Your mortgage rates are affected by your credit score which is why it is important to have good credit when you apply. The mortgages itself will also have an effect on your credit, nonehteless, it's not the only thing tha taffects your mortgage rates. Costa said that a persons credit score as well as their “loan-to-value” also factor in.
“That’s what your rate is,” she said. “So it would be hard for me to tell you what ‘your rate’ would be today.”
Members of the Business Innovation Center team were amongst the participants and coaches at the Third Annual UMass Dartmouth Center for Innovation and Entrepreneurships’ Startup Weekend competition from April 22 to 24.
The proceedings gathered around 70 participants divided into eight teams in order to hash out business ideas. Given 54 hours, they were to create pitches, code and fully flush out their initiatives.
But they weren’t alone in the process.
“Being a mentor is about problem solving and giving of your self,” said Christopher Nielsen, founder of the Business Innovation Center and one of nine mentors helping participants nurture their ideas. “It is always interesting, challenging and often inspiring to approach things from a new pair of shoes and then to walk in them on someone else's path but being able to call upon my own unique experiences.”
In spite of the seemingly daunting parameters of the challenge, it wasn’t as grueling as it appears according to one participant.
“There was more of a feeling of excitement than being overwhelmed,” said Zack Martin, BIC program manager as well as Startup Weekend participant. “It wasn’t really stressful ever.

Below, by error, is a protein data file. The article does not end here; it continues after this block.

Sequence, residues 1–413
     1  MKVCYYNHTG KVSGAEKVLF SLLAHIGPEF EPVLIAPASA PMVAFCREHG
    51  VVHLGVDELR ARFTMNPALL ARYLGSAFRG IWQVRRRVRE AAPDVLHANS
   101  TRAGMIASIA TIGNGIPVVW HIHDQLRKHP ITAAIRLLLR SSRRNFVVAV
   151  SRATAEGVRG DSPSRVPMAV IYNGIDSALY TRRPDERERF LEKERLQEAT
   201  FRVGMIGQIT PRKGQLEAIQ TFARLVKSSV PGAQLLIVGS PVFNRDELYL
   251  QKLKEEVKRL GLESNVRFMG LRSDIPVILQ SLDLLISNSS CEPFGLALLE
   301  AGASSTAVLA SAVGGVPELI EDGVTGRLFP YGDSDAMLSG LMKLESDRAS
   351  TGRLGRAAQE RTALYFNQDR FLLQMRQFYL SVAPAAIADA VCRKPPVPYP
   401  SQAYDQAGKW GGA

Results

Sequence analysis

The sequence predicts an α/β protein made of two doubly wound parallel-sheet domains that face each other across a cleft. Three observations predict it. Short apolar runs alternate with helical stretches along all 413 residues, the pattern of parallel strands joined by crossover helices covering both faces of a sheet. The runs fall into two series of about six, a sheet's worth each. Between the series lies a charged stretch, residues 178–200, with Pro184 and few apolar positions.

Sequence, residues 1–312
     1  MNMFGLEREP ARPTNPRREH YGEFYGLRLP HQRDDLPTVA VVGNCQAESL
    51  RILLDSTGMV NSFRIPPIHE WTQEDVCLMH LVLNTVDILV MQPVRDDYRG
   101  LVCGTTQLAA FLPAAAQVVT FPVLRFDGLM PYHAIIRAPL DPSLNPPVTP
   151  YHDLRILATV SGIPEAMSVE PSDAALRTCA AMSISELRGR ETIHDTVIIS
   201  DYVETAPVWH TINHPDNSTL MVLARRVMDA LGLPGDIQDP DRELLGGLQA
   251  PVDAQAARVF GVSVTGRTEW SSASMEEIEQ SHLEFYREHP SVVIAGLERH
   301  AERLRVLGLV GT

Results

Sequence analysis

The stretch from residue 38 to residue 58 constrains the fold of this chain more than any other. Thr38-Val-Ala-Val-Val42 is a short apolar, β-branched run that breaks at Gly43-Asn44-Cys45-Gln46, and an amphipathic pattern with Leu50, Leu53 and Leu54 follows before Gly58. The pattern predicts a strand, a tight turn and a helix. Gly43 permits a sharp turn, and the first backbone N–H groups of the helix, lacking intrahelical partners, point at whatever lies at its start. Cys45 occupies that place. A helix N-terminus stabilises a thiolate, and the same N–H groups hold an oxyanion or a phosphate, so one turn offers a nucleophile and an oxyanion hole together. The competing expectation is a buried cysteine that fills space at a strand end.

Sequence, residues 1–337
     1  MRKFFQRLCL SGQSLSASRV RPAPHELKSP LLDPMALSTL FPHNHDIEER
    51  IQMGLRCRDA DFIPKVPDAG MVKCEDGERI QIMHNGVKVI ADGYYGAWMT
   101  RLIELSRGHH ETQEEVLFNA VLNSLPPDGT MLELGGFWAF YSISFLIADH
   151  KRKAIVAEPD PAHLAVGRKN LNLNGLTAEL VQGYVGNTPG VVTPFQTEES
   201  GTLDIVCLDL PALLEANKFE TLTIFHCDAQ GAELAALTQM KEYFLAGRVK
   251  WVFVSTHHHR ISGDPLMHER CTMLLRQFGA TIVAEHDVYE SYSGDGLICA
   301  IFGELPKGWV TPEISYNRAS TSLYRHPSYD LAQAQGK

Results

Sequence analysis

“It was fun to work with people that I never met before,” he continued, “who brought different skills to the table.”
Martin was part of a six-person team that created a mini-GPS tracking system called Footstep.
Footstep is a device designed to protect your property in situations where valuables may be left in your vehicle. Should someone break into the vehicle, the device would feel the motion of the break in and notify your phone.
A second notification would be sent to the users cellular device should it then begin to move with the presumed robber.
Martins’ team actually came in second-place out of the eight competing teams.
“It was amazing to place, that felt great,” he said. “The team that won had an original idea that deserved to win.”
The winning team was called LifeSync and created a prototype for a carboximeter – a device to help people suffering from Chronic Obstructive Pulmonary Disease.
For both mentors and participants, the experience was a rewarding one.
“It was quite an interesting process and it allows me to grow,” said Nielson. “To help others fulfill their goals and be able to offer more again every time I do it.”
Martin also learned something that he says he will take with him through any future business endeavors.
“It really teaches you how to handle stress well,” said Martin. “You realize that you being stressed out leads to other people being stressed out and that things can still go smoothly as long as you stay calm.
“It was competitive but it was a friendly competitive,” he continued, reflecting on the experience. “I think it’s worth doing for anyone that wants to start a business… It was an amazing place and it felt great.”